The cheap ones will be just as strong/weak as the expensive ones, I destroyed one end of a Kennametal 1.6mm blade, and still have 9 inserts unused, the work moved in a three jaw chuck, so I prefer to have the extra security of a 4 jaw independent if parting is required. Making a dedicated rear toolpost for inverted blades is a great idea if you have a mill. I also added a rear lock for the saddle to stiffen things up further when using it. If I remember, I will take some pictures of it tomorrow.

I would advise against making an integral blade/post, sooner or later it will get smashed, the blades have two ends and can be replaced easily.

Edited By old mart on 19/11/2019 19:20:37

Edited By old mart on 19/11/2019 19:23:54

Thread: Holding 18 gauge brass wire when cutting thread with a die
19/11/2019 17:24:37

Pin vises sometimes require tightening with two pairs of pliers (and undoing).

Thread: Holding screw-end end-mills/slot-drills
19/11/2019 17:15:34

Clarkson Autolock Osborn Titanic II / Posilock Acramil Small versions of these work with 1/4", 3/8", 1/2" and 5/8" shank threaded hss cutters, with the appropriate size collets and with the metric collets in 6mm, 10mm, 12mm and 16mm. The three types of collet are not interchangeable. Solid carbide cutters are not made owing to the weakness of the threads, but steel shank with inlaid carbide are available, and I have seen some indexable cutters with inserts in the large sizes. Larger versions are not really compatible with smaller milling machines. These types of cutter holder will only work with threaded shank tools.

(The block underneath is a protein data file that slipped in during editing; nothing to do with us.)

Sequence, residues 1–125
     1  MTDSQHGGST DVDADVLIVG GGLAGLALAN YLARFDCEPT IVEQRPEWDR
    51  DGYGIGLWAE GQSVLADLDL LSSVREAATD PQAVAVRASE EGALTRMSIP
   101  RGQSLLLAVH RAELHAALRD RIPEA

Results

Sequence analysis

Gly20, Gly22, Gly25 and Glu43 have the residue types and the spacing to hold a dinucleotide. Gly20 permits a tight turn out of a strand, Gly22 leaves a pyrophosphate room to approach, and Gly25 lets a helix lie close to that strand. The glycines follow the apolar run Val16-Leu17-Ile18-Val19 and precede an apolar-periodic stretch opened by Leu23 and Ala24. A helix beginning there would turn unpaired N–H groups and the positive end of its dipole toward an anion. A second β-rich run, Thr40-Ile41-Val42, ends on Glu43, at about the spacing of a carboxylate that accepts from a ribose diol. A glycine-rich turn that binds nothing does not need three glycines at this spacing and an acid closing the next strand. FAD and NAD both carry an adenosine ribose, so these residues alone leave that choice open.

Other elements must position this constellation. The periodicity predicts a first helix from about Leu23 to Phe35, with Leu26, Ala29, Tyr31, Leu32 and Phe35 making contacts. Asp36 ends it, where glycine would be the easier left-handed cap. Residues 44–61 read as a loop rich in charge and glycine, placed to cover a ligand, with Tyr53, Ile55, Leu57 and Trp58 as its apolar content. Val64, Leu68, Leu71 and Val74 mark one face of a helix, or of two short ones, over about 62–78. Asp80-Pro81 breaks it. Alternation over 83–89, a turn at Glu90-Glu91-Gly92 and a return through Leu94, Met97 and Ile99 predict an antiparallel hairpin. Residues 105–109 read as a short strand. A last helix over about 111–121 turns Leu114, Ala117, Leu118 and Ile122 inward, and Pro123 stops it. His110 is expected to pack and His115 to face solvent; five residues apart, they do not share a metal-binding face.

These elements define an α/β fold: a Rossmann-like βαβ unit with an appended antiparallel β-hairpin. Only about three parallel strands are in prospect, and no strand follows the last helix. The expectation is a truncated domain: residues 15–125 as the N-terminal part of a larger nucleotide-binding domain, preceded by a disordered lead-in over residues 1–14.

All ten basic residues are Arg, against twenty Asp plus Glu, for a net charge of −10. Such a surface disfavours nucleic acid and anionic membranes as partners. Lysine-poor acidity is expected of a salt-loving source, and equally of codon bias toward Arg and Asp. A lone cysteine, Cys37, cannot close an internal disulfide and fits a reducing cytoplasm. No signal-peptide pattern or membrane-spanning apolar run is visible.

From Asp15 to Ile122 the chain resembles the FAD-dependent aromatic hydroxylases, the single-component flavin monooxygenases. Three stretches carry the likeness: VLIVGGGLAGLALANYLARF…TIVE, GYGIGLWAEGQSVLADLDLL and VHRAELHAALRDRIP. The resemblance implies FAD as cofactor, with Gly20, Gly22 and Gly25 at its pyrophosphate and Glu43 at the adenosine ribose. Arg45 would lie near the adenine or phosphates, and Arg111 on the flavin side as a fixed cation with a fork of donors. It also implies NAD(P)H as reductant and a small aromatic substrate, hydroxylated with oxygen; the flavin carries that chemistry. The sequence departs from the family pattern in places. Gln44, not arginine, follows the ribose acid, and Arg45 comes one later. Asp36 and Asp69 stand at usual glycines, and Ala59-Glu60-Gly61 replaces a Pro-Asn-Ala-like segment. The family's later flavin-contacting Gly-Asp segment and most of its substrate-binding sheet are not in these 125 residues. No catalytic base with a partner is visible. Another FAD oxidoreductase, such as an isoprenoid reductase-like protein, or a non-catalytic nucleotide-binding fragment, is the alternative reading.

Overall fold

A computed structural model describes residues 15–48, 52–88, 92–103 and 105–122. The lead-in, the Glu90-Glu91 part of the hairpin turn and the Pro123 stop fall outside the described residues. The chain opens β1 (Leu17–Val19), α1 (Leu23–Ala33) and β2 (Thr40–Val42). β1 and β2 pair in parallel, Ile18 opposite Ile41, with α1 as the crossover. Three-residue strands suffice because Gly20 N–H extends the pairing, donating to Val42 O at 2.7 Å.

Edited By old mart on 19/11/2019 17:21:29

Thread: Holding 18 gauge brass wire when cutting thread with a die
19/11/2019 16:51:58

A set of pin vises are handy when something small needs holding.

Thread: Undrilling a hole in brass?
18/11/2019 15:39:03

Good repair, if you hadn't described what you did, no one would know as it is invisible.

Thread: New Pratt chuck without mounting holes
18/11/2019 13:51:10

Good answer, Ian, I had not twigged the lever part. The mounting holes are either three at 120 degrees, or two at 180 degrees. There is no picture of the side of the chuck. And with further scrutiny, the plate with the holes screws to the centre and is locked with an axial grub screw, and two serial numbers match the fitted parts (and the jaws).

Edited By old mart on 18/11/2019 13:55:48

18/11/2019 12:41:34

I noticed this brand new 100mm/ 4" Pratt chuck on ebay, which has obviously never been on a lathe, there are no threaded or plain mounting holes. Do you think it was originally a special order? I would have been interested, but I chanced upon a new one myself, by accident which has holes already which will eventually be used for small stuff.

Edited By old mart on 18/11/2019 12:44:45